14 December 2010

Our boisterous new orangutan babies are bundles of mischief

Our volunteer Carolynn sends us the latest news from our orangutan rescue centre in Ketapang.


Carolynn and rescued baby orangutan PuyolWhen our team first rescued one-year-old Puyol last week, his condition was stable but he was in dire need of veterinary care. Puyol was taken from his mother about two months ago by poachers and the incident was likely quite violent given the infected machete wounds on Puyol's abdomen and arms. Doctors Karmele, Anita, and Adi cleaned up Puyol's wounds and began treatments immediately for infection and malnutrition. The day of Puyol's rescue, he immediately latched onto Dr Karmele, and devoured bananas and formula with glee. Giving medication was never a problem since Puyol has been such a good eater. The keepers and volunteers have been toeing the line between showering Puyol with attention and encouraging him to play and climb with our other new baby orangutans Jack and Ledi. It is important to meet any baby's emotional needs, but also very important to begin training for baby school and hopefully an eventual reintroduction into the wild.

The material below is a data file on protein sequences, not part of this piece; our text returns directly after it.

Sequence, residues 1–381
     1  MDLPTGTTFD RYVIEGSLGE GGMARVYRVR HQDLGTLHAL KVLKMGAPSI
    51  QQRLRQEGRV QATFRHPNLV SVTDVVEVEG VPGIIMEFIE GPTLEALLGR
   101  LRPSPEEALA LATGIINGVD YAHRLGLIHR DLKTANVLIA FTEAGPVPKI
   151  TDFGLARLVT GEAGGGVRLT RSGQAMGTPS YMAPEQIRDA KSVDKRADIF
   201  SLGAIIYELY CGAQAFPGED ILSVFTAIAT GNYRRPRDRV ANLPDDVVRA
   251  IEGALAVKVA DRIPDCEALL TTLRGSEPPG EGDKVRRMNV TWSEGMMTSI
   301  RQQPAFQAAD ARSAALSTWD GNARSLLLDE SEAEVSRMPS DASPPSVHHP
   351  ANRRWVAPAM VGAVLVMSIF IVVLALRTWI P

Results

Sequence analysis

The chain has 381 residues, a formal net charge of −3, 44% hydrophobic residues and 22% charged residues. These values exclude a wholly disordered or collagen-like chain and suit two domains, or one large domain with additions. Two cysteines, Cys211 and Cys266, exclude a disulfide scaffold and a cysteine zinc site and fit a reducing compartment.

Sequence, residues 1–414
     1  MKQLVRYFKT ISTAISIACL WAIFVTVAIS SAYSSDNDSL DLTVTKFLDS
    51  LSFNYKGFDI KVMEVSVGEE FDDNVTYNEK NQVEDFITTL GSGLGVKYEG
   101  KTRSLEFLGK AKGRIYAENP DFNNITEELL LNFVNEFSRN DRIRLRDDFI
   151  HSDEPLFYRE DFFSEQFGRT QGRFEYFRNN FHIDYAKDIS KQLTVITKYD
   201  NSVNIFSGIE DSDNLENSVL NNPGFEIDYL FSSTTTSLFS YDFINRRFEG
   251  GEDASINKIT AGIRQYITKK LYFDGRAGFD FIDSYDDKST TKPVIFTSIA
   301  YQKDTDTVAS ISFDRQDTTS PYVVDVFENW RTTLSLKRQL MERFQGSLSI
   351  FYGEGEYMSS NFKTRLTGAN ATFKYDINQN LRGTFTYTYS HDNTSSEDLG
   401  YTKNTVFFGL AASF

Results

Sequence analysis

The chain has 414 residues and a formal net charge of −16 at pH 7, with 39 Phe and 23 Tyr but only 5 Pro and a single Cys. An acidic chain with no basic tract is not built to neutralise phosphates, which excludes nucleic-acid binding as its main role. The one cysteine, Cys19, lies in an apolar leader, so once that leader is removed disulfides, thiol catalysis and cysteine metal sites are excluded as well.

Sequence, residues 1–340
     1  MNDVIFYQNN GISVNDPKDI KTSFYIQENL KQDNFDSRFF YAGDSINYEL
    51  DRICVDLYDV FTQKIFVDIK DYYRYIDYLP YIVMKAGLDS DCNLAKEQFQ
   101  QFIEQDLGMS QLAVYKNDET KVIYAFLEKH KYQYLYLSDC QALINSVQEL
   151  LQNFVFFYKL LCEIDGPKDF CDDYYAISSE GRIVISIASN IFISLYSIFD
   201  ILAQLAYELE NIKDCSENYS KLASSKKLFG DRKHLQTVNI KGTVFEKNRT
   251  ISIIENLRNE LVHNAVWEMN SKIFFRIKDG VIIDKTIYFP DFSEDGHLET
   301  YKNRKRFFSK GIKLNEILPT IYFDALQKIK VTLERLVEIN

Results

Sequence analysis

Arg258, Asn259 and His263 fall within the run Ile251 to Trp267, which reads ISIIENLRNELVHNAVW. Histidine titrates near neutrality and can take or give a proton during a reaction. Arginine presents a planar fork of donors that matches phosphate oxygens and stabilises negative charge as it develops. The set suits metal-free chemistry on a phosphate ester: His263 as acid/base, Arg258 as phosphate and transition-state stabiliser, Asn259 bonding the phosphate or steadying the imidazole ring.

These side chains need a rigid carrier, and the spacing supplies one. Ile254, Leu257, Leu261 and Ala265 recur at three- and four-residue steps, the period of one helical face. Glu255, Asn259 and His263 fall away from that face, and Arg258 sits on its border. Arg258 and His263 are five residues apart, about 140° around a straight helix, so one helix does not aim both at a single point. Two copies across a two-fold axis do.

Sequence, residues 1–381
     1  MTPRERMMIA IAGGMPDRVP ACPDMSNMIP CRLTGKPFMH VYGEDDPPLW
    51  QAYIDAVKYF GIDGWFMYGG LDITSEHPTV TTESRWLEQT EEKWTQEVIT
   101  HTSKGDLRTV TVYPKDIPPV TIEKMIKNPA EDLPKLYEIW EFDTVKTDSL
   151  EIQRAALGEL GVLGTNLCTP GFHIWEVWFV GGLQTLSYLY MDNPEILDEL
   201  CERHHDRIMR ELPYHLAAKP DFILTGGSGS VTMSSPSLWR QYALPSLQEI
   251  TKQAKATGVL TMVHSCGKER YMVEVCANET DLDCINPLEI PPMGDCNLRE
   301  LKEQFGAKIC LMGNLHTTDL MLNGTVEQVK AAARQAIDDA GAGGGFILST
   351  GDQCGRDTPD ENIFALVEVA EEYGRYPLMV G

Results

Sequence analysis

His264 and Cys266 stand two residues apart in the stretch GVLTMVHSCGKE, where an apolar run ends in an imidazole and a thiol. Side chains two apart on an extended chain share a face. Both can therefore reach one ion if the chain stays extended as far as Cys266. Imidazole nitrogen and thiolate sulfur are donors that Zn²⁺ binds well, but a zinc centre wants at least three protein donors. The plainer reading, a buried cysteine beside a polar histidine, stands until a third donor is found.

The other night, I tried to get Puyol to sleep in his hammock playpen by sitting next to him until he fell asleep. It took about 20 minutes just to get him off my lap without a fuss, and about a half hour later he fell asleep. I went to cover the top of his sleeping area with a towel in the hopes that he would sleep more soundly, but as soon as he sensed movement his head shot up and he gave a look that to me quite clearly meant, "Ummm, I'm not asleep yet. Don't you dare think of tricking me with that towel and walking away." I remember giving similar looks to my poor mother as a child, so I felt it was time I returned the favor. Puyol's head rested again on his teddy bear as soon as he saw me sit down again, and within ten minutes he was out. Success!

Jack and Ledi

Rescued baby orangutans Jakc and LediOrangutans Jack and Ledi were rescued the same day as Puyol, but luckily they had been kept as pets under better conditions. Both Jack and Ledi are already fantastic climbers and they spend most of their day playing in the trees and swinging on ropes at our rehabilitation center. Watching them can be exhausting though, since Jack has become quite naughty about pulling hair the second your back is turned. He loves the attention and of course the reaction, so you've got to stay on your toes. Ledi wanted nothing to do with this type of horseplay when she first arrived, and she would hoot and holler at the sight of any play-wrestling that she misinterpreted as conflict. It didn't take long for Ledi to get used to it, however, since she has since joined in on the hair pulling sneak attacks. "At least they're healthy," I think to myself. "Very naughty, but healthy indeed."